Movement contre le racisme et pour l’amitie entre les peuples said that the undermining of non-governmental organizations posed not only a threat to human rights protection but to the very lives of human rights defenders; it levelled its criticism at Morocco and called for a fact-finding team to be sent to Western Sahara.
Amnesty International welcomed the High Commissioner’s attention to Guantanamo and supported President Obama’s latest statement on the matter. The United States had put a man on the moon so it could close Guantanamo.
United Nations Watch said that the international human rights movement must not appease prejudice. A person who advocated violence against peace should never be celebrated as a model human rights activist, especially when the future of a whole people was at stake.
International Service for Human Rights said that the killing of independent journalists in Sri Lanka, the enactment of “homosexual propaganda laws” in Ukraine, and restrictions on access to foreign funding for non-governmental organizations in Russia, Ethiopia and Egypt were examples of a worrying new trend targeting civil society. It was imperative that States closed the gap between what was reported in Geneva and what actually happened on the ground.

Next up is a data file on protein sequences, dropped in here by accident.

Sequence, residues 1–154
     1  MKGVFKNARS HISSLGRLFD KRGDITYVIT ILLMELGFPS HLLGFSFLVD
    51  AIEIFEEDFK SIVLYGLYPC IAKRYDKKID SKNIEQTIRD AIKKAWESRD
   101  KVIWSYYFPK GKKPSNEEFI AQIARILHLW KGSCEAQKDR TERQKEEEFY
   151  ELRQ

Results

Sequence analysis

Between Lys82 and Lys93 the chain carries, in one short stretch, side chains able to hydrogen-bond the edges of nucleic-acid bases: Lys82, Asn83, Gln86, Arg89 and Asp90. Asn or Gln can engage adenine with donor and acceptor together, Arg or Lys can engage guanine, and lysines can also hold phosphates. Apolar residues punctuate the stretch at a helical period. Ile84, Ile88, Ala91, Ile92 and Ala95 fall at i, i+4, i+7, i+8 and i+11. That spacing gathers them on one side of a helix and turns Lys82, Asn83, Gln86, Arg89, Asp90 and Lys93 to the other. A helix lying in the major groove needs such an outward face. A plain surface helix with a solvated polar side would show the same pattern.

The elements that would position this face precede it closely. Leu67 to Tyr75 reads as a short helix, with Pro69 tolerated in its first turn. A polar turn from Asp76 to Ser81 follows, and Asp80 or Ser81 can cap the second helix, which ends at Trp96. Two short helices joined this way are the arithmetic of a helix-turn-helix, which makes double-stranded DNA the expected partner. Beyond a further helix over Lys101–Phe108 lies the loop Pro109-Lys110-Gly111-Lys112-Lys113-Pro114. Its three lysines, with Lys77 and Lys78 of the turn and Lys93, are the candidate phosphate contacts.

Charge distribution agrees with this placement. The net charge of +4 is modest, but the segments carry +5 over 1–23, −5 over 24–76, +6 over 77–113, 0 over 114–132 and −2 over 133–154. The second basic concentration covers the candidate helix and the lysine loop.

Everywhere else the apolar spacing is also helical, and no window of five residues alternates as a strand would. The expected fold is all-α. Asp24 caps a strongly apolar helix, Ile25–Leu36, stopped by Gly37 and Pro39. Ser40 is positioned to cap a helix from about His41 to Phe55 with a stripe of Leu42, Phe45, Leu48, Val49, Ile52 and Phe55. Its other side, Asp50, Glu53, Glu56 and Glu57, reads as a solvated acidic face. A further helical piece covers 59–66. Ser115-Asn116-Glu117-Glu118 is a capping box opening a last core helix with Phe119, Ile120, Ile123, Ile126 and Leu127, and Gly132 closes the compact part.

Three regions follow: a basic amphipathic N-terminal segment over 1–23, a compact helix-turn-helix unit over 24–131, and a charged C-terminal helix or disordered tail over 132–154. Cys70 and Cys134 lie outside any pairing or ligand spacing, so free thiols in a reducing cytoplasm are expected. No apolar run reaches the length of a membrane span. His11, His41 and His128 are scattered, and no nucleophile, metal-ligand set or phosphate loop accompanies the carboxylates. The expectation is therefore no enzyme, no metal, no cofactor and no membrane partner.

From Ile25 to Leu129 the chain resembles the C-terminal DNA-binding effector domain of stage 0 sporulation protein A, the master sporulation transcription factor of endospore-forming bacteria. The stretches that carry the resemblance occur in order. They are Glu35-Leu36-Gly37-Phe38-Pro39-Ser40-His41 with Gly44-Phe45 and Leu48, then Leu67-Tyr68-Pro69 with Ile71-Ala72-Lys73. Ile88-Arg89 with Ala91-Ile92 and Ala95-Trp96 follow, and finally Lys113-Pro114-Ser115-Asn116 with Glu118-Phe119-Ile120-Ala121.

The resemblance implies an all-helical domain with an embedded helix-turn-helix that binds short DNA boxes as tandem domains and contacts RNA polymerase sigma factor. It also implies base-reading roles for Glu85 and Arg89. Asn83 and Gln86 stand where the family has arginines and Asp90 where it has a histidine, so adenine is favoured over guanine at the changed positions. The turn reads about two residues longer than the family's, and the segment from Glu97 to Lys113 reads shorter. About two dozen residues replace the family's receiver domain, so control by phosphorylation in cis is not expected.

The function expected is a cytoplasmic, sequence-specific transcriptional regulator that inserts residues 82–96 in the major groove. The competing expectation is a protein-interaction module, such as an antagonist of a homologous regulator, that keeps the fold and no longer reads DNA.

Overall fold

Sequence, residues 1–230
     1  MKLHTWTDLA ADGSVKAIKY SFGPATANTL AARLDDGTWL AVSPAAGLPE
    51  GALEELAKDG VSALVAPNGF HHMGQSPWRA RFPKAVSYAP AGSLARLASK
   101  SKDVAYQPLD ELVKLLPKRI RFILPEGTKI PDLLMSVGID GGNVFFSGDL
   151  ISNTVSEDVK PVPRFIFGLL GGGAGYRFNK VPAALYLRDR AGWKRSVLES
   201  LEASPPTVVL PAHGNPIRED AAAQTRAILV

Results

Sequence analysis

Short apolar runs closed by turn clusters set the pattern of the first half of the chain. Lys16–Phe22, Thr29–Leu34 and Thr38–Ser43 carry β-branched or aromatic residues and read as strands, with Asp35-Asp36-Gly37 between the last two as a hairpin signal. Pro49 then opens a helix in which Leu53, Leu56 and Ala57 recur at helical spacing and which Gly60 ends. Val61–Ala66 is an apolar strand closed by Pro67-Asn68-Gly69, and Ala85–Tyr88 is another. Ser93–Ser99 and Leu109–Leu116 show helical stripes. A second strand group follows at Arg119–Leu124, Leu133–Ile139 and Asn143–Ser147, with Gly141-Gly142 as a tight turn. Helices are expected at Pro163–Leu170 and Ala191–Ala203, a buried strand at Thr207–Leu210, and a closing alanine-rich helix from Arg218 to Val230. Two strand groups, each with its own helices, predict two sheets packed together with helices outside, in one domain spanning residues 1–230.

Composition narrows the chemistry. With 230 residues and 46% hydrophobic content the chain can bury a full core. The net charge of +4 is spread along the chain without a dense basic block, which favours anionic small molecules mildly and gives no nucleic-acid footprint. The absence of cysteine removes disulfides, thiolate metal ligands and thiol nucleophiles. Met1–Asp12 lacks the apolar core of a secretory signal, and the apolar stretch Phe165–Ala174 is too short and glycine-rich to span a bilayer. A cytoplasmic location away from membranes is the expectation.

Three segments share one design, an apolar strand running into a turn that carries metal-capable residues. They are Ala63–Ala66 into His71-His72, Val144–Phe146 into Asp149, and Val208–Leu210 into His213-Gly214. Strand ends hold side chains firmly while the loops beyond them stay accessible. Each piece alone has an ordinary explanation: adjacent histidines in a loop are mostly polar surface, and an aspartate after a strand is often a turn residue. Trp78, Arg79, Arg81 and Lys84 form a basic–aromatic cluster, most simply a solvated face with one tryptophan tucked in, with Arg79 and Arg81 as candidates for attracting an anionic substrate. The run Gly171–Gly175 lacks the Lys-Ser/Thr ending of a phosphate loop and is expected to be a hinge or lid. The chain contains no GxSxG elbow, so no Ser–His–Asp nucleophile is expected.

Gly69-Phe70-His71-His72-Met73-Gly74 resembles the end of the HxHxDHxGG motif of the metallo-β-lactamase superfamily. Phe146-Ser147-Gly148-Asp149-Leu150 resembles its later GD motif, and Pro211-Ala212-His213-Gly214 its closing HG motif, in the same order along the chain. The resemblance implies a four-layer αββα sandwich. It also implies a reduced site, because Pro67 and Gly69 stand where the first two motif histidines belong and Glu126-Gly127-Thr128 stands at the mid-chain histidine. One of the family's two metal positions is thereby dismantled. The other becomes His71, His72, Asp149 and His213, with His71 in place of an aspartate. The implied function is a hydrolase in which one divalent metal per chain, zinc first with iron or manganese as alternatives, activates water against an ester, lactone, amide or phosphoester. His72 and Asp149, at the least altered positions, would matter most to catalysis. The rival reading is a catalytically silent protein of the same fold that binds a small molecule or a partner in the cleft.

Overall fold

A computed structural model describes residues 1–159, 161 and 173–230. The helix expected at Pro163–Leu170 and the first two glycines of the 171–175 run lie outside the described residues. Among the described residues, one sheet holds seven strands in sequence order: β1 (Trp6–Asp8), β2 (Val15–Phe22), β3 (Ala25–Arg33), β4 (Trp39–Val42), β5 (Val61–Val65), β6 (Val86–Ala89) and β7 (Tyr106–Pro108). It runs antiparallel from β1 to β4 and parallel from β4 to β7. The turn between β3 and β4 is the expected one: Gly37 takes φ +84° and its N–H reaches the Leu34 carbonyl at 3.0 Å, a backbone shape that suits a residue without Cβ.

Verein Sudwind Entwicklungspolitik said that it remained deeply concerned about the growing conflict and the bloodshed in Syria, which had mainly caused civilians to suffer. Also, crimes against humanity were conducted on an ongoing basis in the Kahrizak detention centre in Tehran. The upcoming elections in Iran were unlikely to be free and the country suffered from poor governance, which had placed unnecessary pressure on the Iranian people.
World Muslim Congress said that despite advancement to combat impunity and to ensure accountability there were still far too many people that escaped justice for serious crimes. The situation in the Occupied Jammu and Kashmir had not received the attention of the High Commissioner in her update, which was of concern.
France Libertes: Fondation Danielle Mitterrand submitted to the attention of the High Commissioner the very serious and repeatedly raised issue of Ashraf and presently Camp Liberty refugees and appealed to her to take any action within her power and mandate to protect the rights of the refugees and proceed to a badly needed in-depth re-evaluation of the whole process.
International Human Rights Association of American Minorities referred to the situation in Indian occupied Jammu and Kashmir where impunity for the violations of the most basic human rights was occurring. Time and again this situation had failed to get the attention of the High Commissioner. The Association shared the views expressed by the High Commissioner about the reprisals and threats to human rights defenders.